Our kids can climb pretty much anything with the gearing. I wish it wasn’t a grip shifter, but most of the gears are easy to get to (only the last two are challenging).
Standing or spinning? Looks like 32t x 12-32, assuming 19.25in for the tire and: 110rpm * 32/32 * 19.25 * 3.14 * 60/12/5280 = 6.3mph, which is pretty quick climbing on a 10% grade and spun-out around 17mph. I think 24t would work better: 4.7-13mph. 5yo at 15mph?
We got a grant to buy 21 Islabikes some years back and they’re not only light and perfectly proportioned, they have the right gearing – Isla Rowntree has done her research. They suit British Cycling’s age-related gear restrictions for racing and our kids (up to 90 on a Saturday morning – well, once) delight in using them. They can also borrow them for racing (nominal charge).
They also stand up to some pretty rigorous usage with very little servicing. The only drawback for our parents is that they now know what a decent kids bike looks like and costs like. but they do get back up to 855 of the cost price when ebaying them, so the cost per week is pretty low.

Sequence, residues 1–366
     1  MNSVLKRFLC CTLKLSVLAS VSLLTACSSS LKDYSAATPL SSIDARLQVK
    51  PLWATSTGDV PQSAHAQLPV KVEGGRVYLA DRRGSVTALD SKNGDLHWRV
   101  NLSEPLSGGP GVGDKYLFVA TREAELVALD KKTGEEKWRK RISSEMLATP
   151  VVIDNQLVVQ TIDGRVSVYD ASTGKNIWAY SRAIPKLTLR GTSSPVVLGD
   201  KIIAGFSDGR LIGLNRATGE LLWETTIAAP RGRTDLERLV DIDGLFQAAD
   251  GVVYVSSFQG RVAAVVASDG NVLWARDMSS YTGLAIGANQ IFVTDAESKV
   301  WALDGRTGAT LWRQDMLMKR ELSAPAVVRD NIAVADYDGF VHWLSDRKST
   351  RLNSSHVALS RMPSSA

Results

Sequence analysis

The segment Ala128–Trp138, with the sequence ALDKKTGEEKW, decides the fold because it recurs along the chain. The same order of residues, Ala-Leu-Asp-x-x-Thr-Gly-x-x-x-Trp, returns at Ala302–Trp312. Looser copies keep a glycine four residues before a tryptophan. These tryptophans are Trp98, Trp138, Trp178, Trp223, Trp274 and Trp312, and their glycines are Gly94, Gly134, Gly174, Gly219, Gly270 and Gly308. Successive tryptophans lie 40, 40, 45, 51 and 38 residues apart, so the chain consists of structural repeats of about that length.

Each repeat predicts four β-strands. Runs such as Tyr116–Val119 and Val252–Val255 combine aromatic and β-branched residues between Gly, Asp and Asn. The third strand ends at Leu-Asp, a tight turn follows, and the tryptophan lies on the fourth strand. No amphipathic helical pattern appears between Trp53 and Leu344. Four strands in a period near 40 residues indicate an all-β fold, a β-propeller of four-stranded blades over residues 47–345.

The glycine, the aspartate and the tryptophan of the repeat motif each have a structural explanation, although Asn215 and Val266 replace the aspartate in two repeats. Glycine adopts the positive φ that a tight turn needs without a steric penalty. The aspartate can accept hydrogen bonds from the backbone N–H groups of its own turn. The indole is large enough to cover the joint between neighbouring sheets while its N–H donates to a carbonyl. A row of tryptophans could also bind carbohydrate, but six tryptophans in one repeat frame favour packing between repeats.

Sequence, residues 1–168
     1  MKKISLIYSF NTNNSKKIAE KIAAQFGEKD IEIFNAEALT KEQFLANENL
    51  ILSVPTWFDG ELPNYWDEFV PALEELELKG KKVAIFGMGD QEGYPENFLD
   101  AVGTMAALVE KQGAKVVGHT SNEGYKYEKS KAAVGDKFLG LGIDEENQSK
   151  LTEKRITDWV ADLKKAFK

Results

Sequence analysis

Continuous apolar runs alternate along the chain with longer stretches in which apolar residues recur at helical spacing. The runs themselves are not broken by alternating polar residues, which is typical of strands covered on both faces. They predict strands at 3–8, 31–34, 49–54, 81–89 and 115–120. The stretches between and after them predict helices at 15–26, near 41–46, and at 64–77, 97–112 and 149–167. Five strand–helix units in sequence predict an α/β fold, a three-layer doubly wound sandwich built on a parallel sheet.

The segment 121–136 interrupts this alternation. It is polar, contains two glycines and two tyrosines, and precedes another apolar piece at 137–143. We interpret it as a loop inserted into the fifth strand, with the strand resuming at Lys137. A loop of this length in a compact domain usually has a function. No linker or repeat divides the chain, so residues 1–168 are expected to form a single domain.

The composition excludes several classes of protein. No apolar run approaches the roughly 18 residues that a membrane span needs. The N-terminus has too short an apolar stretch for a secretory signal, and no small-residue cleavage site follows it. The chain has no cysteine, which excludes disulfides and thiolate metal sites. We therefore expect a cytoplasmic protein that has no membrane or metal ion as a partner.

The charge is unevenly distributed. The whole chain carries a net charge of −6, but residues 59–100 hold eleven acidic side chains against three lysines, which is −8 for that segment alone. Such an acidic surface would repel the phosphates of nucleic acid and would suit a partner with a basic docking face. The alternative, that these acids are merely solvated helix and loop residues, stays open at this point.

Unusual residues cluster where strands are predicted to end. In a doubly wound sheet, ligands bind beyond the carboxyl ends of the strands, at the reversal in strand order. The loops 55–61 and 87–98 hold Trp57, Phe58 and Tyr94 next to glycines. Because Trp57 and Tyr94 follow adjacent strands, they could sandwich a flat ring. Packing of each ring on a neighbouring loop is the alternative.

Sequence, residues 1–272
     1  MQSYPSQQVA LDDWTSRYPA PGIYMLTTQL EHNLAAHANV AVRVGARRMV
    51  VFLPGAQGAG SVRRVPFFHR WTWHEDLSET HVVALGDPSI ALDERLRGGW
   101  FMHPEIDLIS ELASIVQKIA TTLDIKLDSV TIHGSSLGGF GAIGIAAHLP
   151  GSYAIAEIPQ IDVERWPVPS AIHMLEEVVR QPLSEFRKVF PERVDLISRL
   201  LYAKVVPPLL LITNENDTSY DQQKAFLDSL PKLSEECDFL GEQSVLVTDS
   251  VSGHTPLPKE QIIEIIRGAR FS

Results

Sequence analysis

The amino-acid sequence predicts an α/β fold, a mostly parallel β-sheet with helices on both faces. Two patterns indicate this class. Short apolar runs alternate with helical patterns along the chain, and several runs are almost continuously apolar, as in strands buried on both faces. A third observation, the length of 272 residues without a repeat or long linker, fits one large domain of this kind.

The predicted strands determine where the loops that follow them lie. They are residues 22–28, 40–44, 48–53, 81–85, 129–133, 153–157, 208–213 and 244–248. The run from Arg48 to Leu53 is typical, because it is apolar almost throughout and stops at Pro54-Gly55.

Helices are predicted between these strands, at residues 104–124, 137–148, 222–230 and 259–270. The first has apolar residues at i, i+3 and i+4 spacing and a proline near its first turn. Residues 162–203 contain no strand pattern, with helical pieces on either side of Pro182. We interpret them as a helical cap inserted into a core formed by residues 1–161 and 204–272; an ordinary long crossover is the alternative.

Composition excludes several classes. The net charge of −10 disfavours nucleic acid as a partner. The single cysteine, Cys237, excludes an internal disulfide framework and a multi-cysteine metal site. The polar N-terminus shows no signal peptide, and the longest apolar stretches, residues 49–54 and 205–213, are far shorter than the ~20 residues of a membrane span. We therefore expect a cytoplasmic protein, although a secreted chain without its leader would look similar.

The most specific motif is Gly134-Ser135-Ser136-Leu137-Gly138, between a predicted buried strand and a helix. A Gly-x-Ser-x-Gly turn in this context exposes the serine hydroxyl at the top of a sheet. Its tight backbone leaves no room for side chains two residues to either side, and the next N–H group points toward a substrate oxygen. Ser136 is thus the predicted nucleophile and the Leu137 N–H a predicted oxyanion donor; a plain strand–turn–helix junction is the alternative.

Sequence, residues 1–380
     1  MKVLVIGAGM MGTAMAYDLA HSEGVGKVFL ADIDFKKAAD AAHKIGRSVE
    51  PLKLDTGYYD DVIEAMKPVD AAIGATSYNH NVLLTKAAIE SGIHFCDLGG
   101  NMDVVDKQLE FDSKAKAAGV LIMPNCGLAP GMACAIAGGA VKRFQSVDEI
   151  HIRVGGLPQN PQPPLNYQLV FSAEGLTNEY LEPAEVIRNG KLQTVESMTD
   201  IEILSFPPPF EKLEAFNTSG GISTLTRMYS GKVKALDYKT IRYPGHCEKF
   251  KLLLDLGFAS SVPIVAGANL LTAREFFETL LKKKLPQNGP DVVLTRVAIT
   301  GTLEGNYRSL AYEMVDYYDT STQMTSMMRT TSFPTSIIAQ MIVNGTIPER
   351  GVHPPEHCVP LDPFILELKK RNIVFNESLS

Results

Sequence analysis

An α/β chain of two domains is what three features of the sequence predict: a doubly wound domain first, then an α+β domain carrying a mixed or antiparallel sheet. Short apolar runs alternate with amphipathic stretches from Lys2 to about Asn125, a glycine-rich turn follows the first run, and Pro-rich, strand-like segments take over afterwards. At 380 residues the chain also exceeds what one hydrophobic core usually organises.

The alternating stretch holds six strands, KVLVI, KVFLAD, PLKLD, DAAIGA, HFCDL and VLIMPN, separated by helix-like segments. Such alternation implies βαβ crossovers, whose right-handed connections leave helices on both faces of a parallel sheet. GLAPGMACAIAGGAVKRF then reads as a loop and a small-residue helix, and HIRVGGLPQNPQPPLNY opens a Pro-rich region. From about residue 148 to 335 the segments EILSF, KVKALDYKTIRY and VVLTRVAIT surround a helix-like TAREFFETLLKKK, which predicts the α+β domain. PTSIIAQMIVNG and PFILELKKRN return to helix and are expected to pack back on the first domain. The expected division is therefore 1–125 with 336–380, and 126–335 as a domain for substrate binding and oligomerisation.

My (almost) step daughter has the Beinn 26 and it’s great. No bogus suspension fork that weighs more than her. Decent enough parts. Fenders and rack went on no problem as there was plenty of clearance and the appropriate eyelets needed. Also switched out the Kenda cross style tires for some giant Paselas (Soma branded (YUCK) Panaracers. Got’em at work for like 4 bucks a piece). Anyway, it’s a pretty nice bike.
The cost is prohibitive for most especially since the kid will outgrow it soon enough. I would love to get my kid an isla bike, love the idea of them but darn, they are pricey. There has to be a way to make a light kids bike that doesn’t break the bank